in Coding, Java

Making a Spring bean session scoped

Spring can not only inject beans (components, services, entities, however you want to call them), it can also inject them according to a certain scope. This is great if you have state-full objects which belongs (for example) to a dedicated user and not to the whole application. To do that, Spring introduced the @Scope annotation.

The usage of @Scope is straight forward: just annotate your bean with it and specify the scope to use:

The value of @Scope can be one of singleton (one single instance for the whole app), prototype (a new instance for every injection), request (an instance per web request) or session (an instance per web session). See here.

The last two scopes (request and session) are only available in Spring web applications where the current session is exposed. To do so, you need to add a listener to the web.xml which makes the context available:

If you got both, your annotated bean and the listener in your web.xml, you will typically have another problem: how to use a session scoped bean in a normal (not session scoped) service?

To solve this problem, Spring provides a proxy mechanism. This means Spring can wire a proxy with the same interface as your actual bean instead of the bean itself. The proxy will not be session scoped (it will be a singleton), but it will fetch the according session scoped bean for each request. This means you can wire your session scoped bean in a not session scoped service and the proxy will do the rest behind the scenes.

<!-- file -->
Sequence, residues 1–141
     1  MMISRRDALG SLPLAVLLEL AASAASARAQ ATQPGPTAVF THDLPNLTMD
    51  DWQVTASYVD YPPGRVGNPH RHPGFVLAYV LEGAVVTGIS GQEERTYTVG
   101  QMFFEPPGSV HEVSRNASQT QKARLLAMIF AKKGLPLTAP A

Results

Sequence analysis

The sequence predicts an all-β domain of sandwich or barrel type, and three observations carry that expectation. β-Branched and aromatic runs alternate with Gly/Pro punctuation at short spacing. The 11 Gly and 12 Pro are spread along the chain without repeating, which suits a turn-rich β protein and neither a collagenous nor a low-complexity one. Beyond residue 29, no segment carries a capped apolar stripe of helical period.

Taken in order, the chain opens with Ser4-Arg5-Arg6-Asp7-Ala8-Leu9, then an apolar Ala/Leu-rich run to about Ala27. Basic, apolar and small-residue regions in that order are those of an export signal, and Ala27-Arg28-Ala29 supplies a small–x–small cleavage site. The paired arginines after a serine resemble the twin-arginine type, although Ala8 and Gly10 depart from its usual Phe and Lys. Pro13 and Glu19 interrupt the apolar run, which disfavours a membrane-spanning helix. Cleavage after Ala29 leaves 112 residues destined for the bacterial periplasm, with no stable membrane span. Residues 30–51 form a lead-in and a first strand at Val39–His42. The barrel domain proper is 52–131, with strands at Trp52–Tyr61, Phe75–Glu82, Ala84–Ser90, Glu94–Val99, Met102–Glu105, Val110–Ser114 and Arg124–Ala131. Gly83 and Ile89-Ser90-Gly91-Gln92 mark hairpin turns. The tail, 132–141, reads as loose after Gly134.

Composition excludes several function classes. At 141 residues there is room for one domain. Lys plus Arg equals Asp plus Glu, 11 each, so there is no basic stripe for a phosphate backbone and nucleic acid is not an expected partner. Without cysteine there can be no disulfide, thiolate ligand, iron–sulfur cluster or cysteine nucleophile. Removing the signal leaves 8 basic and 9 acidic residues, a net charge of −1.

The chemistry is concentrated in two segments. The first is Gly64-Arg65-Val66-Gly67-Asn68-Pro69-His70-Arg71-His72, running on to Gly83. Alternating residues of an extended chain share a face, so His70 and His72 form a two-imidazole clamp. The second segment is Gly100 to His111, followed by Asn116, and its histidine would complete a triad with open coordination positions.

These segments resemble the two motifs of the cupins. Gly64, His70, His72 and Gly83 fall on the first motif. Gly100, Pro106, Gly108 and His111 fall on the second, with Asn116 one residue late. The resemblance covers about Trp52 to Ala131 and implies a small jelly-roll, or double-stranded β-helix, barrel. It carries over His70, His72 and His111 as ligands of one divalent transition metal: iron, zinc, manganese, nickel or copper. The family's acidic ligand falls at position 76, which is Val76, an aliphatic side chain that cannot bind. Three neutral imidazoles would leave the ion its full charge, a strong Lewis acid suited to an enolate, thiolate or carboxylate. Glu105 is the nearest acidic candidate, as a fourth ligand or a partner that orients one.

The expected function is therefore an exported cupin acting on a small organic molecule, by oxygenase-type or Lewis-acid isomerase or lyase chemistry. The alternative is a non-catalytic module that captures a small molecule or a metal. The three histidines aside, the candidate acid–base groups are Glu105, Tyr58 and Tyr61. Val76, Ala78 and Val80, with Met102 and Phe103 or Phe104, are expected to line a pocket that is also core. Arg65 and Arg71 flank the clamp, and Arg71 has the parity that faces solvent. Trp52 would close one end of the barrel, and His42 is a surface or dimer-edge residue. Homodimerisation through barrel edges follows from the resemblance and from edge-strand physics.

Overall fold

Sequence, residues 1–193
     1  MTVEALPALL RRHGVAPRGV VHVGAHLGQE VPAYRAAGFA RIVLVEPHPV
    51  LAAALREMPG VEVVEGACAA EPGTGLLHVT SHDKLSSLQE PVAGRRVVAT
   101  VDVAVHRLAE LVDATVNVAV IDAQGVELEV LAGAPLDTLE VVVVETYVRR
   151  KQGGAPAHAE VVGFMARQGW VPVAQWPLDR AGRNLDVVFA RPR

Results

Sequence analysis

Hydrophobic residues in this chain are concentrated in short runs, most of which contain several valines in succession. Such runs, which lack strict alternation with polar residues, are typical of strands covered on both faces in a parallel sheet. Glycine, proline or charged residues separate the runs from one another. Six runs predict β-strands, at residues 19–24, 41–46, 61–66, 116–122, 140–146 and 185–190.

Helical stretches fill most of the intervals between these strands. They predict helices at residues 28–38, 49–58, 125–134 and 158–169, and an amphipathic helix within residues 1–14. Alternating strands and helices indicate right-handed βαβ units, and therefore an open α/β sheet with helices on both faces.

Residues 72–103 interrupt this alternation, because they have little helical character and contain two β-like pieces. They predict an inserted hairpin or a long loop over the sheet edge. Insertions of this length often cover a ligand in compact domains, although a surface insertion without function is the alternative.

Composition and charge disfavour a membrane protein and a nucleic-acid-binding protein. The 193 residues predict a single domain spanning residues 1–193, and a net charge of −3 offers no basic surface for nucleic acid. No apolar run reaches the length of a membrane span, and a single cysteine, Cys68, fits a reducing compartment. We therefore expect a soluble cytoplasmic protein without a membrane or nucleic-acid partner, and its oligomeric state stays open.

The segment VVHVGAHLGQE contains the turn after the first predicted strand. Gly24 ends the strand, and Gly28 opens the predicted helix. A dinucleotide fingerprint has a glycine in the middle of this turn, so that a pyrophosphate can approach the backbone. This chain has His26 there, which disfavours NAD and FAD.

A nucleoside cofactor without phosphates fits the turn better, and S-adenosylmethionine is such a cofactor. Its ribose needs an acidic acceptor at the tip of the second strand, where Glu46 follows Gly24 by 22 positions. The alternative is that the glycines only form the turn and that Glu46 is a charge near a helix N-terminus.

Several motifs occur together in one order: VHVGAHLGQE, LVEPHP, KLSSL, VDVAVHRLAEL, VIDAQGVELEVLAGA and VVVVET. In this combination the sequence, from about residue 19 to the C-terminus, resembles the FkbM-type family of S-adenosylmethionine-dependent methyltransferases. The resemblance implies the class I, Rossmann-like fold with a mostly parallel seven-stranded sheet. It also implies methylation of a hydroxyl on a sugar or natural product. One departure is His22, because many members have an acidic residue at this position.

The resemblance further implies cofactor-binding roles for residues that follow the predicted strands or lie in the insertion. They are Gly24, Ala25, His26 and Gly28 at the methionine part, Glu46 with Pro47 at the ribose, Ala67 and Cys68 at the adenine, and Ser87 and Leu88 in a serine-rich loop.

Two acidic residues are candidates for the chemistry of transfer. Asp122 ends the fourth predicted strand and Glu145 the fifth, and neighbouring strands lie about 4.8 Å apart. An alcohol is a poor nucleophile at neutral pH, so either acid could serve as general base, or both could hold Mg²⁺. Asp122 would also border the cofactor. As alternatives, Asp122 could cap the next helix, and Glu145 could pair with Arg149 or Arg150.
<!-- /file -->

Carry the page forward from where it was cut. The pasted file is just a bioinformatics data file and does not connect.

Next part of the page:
To use such a proxy, you can just add it to the @Scope annotation like that:

If you do so, you will discover the next problem soon: what about your integration tests you made which probably will fail now as they got no session? The easiest fix for this, is to add the following bean configuration, which adds a session context for each thread (see the post of Tarun Sapra for the original description):

Best regards,

  • Bob

    Helpful article. How do you keep the SimpleThreadScope from interfering with the normal session scope?

  • armstronghu

    very helpful, i got the proxy is singleton,but the annotated target class is session scoped

  • Todd

    this is really useful…any idea how to go about it with annotations only?

  • Fernando Muñoz

    it’s not necessary to define RequestContextListener to use @Scope(“session”)